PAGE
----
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The International Writers Magazine: All Are One

Eerily resemblances
Dr Marwan Asmar

The resemblance is eerie. He is the same and the same and the same. Every time I go to the Friday khutba (sermon), two particular individuals among the hundreds who attend, have a deep and lasting impression on me as if I had seen them before somewhere.

The first individual is the exact look-a-like of that famous and sometime facetious but lovable Syrian actor Dureid Lahham who I remember him for his Ghawar Al Toushe black comedy roles back in the 1970s. The man who comes judiciously to the mosque every Friday is the spitting image of Dureid/Ghawar or both. Right down from his wooden-framed glasses to his facial expressions, eyes, features, nose, mouth, he is the same man. I smile and seek to look the other way to the Imam who would then be starting the khutba.

But then I look around and recognize somebody else, a man in a dishdasha (flowing robe) and hatta (headwear) who is the exact spitting image of an actor I used to see in British films and television back in the 1970s. He looked exactly like Ronald Fraser, a British actor who once starred with Beryl Reid and Susannah York in the Killing of Sister George, a 1967 movie, and many other roles of course.

"What is this", I say to myself, two people from Syria and Britain in my neighborhood in downtown Amman, "this can’t be possible". But then I think about the words of God, that we all came from one father and one mother, Adam and Eve and thus we are really brothers and sisters who are similar, have featured connections and even look the exact spitting image! We were but one and now we are many but we are still one colossal, gigantic leap of human development.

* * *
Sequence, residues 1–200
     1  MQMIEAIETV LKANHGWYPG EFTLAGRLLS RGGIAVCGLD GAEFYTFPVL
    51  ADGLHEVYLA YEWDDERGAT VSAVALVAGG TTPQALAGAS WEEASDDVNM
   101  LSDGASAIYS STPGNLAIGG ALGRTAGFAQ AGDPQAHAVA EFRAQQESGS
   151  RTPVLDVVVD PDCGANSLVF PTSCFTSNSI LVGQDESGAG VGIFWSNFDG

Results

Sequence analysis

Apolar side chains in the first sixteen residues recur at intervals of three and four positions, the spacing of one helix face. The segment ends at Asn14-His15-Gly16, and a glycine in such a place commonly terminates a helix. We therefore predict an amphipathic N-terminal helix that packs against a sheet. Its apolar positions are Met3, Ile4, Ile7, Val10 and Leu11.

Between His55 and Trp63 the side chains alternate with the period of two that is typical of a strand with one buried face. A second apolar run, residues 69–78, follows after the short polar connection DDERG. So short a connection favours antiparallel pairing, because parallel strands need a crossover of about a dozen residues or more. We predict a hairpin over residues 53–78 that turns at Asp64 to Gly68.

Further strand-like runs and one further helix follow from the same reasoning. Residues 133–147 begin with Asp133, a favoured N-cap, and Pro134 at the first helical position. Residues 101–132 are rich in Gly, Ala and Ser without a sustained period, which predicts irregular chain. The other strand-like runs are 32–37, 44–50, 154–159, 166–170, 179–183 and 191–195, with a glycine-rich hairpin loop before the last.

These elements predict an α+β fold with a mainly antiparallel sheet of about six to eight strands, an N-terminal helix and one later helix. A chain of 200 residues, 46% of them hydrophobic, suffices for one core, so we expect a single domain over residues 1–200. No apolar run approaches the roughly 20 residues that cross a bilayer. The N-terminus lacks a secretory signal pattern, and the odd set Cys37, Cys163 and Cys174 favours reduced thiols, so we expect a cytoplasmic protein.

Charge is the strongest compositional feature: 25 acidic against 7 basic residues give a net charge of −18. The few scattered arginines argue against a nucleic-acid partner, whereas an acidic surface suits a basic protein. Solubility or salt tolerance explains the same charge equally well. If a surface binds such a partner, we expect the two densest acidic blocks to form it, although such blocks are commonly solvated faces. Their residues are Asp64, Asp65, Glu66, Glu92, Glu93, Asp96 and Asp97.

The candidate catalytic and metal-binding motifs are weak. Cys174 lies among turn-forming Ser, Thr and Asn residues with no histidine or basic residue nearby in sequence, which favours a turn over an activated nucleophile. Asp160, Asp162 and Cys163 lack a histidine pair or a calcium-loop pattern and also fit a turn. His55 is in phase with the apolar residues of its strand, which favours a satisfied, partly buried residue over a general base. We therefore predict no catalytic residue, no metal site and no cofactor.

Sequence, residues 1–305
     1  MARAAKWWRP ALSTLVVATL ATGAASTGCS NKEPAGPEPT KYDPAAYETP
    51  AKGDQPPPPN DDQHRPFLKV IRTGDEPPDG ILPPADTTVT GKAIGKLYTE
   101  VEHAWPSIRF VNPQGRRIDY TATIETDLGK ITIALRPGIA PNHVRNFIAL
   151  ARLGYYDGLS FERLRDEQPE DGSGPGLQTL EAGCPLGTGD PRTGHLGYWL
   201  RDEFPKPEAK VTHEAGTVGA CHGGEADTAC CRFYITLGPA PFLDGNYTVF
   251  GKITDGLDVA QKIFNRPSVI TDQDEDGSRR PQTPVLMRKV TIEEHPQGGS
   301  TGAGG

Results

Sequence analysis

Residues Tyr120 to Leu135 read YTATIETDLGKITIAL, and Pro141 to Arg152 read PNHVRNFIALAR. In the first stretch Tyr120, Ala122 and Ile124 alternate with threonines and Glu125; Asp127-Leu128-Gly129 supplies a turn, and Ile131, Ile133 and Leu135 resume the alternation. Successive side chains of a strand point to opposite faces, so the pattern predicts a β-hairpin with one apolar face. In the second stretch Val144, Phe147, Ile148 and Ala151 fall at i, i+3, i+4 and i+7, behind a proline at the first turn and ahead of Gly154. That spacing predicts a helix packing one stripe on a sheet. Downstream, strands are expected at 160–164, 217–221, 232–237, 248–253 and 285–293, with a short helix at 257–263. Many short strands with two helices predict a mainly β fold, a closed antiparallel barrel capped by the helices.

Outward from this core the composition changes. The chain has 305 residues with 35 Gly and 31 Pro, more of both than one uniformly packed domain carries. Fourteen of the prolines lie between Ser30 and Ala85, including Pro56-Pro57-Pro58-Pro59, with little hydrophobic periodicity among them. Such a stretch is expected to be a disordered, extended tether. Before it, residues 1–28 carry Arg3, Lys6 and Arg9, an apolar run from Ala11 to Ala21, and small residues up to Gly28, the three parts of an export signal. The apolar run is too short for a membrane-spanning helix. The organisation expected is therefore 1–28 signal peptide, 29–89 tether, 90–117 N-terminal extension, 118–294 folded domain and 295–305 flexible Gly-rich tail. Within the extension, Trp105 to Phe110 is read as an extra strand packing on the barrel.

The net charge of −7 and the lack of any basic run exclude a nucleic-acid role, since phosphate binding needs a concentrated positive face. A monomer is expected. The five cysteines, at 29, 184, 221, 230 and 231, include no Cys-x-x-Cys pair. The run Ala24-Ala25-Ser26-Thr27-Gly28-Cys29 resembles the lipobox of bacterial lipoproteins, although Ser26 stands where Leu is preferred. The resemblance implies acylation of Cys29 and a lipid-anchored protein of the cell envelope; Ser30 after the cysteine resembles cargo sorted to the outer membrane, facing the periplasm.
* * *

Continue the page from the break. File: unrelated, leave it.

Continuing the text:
Further, when God, the Almighty, created Adam, he send down Angel Gabriel to Earth to take huge sand coverings from East to West, North and South, and take up to the heavens for the creation of Man so the fathers and the sons after him have children that would represent the different traits, and color of humanity, the Chinese, the Africans, the whites and the Red Indians to name but a few.

A couple of years ago we had over a young woman from Indonesia. As we would say, her skin was slightly yellow, somewhat squinted eyes, a natural from far south-east Asia, yet she looked very similar to some relative of mine who since died in a remote village in Palestine. Hooray I used to say when I would frequent the West Bank, we have a Chinese amongst us!

What’s the connection? Despite the fact there are thousands upon thousands of miles/kilometers between Indonesia and Palestine, you might ask? Well there isn’t any, apart from the fact that she is a Muslim and can read the Quran, but not really understand a lot of it—no offence to the Indonesians whom I respect very much.

It never ceases to amaze me, geography sometimes does not seem to be making a blind bit of difference to our shared cultural traits, our humanness, our habits, indeed we are bound by something very earthly, our blood, the sense of smell, our hunger and need for sleep, this is what makes us similar, and even one another.